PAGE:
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Old 10-11-2008, 04:10 AM
 
Location: western East Roman Empire
6,112 posts, read 10,157,621 times
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I'm going to try this again (flubbed my wording last time).

In Florida, it is possible for home owners who do not carry mortgages ("outright" owners) to opt not to carry wind insurance as part of their home owners insurance policies.

For those of you home owners with no mortgage, how do you view the risk of not carrying wind insurance?

I would like to hear from both "outright" owners who do carry it and those who choose not to.

Thanks.
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Old 10-11-2008, 06:35 AM
 
Location: Central Fl
2,902 posts, read 10,582,611 times
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A friend of mine here in Florida opted to just have liability insurance. He has a double-wide. He views it as not needing it for the following reasons;

1) He felt that the yearly cost was excessive for the value of the insured.
2) He can afford to lose everything and easily replace it without making a dent in his savings.

I'm not promoting this...just sharing his viewpoint. He has a no mortgage million dollar house up north that he does insure.

Frank D.
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Old 10-11-2008, 07:07 AM
 
2,143 posts, read 7,049,301 times
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Insurance or lack of it is risk taking and how much risk you are willing to endure. If you are worried enough about wind damage, then you'll get the insurance. Most people will never claim under it, but I've seen enough roofs ripped off in hurricanes that would make it useful if needed. If you can afford to replace and repair on your own, then wind damage might not be for you.
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Old 10-11-2008, 07:40 AM
 
Location: Miami
6,853 posts, read 19,278,808 times
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A friend of my parents, owns his home outright (after moving here from Cali) and choose to forgo insurance. Mainly because he figures you pay and pay, and usually never see that money back, and if you do see some of it back, today it will not be enough money from the insurance companies to cover everything anyways. I think he also has plenty of money still in the bank from the sale of his Cali home and other investments, that if something should happen, he could afford to rebuild out of his pocket.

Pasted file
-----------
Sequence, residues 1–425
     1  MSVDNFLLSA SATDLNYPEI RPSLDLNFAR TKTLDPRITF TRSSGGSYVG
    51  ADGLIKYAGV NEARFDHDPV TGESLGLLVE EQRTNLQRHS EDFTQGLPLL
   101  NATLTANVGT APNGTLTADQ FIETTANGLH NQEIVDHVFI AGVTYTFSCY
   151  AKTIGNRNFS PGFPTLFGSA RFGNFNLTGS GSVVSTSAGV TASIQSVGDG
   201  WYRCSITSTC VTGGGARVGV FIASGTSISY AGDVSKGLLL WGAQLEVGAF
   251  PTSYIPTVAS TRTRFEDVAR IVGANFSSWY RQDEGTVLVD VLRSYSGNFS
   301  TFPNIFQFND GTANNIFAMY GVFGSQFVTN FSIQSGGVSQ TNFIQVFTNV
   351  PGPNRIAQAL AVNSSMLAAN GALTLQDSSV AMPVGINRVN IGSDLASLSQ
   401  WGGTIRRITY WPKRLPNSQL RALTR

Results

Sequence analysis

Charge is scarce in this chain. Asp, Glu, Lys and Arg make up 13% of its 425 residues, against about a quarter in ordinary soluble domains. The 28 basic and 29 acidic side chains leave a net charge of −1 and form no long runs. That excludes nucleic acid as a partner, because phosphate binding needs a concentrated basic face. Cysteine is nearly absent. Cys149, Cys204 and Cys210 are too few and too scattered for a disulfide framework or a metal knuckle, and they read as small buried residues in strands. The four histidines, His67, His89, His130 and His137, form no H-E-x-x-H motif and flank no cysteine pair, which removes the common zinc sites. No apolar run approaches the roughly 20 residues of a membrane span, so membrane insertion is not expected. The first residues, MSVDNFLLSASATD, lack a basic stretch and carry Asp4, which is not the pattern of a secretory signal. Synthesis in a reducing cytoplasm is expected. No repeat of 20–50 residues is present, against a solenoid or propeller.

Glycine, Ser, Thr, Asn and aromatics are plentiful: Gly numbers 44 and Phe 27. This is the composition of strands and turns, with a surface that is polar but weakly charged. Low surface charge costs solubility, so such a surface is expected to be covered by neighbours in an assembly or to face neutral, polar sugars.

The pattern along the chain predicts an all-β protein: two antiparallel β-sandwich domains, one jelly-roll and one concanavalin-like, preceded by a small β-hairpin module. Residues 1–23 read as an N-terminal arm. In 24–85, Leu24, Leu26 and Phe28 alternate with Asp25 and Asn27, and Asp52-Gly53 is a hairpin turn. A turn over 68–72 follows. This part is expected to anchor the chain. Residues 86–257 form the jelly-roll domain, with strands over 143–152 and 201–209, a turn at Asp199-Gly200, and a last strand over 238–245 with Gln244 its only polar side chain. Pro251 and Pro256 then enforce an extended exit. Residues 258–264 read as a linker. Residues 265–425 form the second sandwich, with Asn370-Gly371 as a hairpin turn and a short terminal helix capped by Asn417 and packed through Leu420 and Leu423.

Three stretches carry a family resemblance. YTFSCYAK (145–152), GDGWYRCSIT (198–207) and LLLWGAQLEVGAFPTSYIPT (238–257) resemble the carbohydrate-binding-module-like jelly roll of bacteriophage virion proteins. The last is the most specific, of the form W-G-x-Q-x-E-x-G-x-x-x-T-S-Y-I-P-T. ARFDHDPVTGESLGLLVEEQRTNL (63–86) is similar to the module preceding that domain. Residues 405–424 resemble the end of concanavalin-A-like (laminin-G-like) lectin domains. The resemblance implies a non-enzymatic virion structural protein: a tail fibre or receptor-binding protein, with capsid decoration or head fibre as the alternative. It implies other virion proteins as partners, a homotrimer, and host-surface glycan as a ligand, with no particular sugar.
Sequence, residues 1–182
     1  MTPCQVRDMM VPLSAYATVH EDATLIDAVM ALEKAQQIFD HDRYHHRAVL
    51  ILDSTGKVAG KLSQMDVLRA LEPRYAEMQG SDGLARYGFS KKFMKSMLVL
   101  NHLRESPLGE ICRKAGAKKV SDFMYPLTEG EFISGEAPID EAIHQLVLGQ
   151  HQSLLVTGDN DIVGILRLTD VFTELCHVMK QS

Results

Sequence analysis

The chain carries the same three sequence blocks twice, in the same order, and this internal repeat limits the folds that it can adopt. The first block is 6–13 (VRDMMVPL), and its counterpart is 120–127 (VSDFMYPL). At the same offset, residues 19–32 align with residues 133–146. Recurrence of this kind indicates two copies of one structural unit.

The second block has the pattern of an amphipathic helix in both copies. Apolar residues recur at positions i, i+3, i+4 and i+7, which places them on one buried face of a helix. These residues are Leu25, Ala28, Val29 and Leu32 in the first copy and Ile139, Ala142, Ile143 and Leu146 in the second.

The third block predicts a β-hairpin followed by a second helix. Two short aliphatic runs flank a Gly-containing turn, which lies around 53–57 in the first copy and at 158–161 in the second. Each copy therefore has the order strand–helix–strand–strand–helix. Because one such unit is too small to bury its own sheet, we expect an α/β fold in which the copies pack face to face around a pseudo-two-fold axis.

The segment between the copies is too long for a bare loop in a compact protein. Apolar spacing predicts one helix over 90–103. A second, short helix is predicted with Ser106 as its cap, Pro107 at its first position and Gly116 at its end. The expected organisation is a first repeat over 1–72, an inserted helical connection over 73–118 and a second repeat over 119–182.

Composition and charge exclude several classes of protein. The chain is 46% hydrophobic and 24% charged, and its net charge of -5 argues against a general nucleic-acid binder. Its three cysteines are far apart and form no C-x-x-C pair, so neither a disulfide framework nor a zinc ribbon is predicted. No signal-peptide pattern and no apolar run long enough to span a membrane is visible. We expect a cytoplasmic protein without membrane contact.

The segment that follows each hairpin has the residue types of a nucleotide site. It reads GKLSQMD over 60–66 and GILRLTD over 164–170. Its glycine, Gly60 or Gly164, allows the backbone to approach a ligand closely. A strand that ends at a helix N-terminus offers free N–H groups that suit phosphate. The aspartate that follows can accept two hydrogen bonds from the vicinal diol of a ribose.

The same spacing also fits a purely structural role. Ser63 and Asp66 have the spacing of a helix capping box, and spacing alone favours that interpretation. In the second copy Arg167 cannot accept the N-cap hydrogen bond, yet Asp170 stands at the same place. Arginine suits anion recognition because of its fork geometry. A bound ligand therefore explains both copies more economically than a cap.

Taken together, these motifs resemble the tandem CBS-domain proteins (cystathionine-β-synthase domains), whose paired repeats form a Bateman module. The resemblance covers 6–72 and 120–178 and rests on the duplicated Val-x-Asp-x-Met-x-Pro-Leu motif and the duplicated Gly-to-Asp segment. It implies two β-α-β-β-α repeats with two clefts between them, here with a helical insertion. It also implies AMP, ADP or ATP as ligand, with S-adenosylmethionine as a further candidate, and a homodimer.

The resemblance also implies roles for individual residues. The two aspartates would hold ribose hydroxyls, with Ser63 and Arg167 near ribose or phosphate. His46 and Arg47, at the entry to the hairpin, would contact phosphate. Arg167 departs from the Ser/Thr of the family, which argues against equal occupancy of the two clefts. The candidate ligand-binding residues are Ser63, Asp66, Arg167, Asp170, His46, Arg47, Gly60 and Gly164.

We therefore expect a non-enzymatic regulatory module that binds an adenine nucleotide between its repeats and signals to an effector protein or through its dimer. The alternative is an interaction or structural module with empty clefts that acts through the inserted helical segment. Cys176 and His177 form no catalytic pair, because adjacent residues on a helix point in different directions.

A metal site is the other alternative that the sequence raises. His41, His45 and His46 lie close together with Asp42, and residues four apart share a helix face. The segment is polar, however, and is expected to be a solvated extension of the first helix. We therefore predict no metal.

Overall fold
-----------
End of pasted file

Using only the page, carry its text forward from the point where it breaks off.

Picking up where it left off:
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Old 10-11-2008, 08:06 AM
 
62 posts, read 242,998 times
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If you don't have a mortgage, you aren't required to buy wind insurance.
If you are smart, and escrow what you would normally spend a year on insurance (something that garners some interest) then when you get hit hard by the next hurricane, you might be OK. BUT, most people don't have the discipline to put that money away.
It also depends on your home. Is it a very old house? How did it fair during hurricane Andrew or Wilma? is it in good repair? If the house isn't well maintained, like your fence is weak,
poor or weak exterior walls , or wooden homes that have rotting wood, or very old siding that should be replaced, the next storm could do allot of damage to your house.
I'd be more curious to know, if you have no mortgage, and you shop for wind insurance, will the insurance company force you to get a policy for replacement costs to rebuild your home, like they do when you have a mortgage, or can you go in and ask them (as an example) for a policy that cover $150,000.00 only?
Does anyone who has no mortgage have any experience with that ?

I'm asking because my mortgage only has a balance of $44K, yet my mortgage company & my insurance company both demanded a policy for replacement cost to rebuild the house , in the event the entire house blows over.
While I think insurance is a good thing, if it comes down to losing my house because I cannot afford $7 a year for wind, dwelling & flood insurance, or no insurance, I'd have to choose no insurance. It would be nice if you could not afford complete rebuilding coverage if you could still get insurance for a lesser amount. It wouldn't save your butt if the home was completely devastated , I know.
But I'm desperately putting every extra dollar I have towards paying off my mortgage because I don't want to lose my home. But this extremely high cost each of insurance is killing me.
In perspective, my mortgage payment is $385 a month.(that's mortgage only, no taxes or insurance escrowed)
2008 Market Value - $347.658
2008 Assessed Value-$101,922
Insurance company requires coverage to rebuild home based on square footage :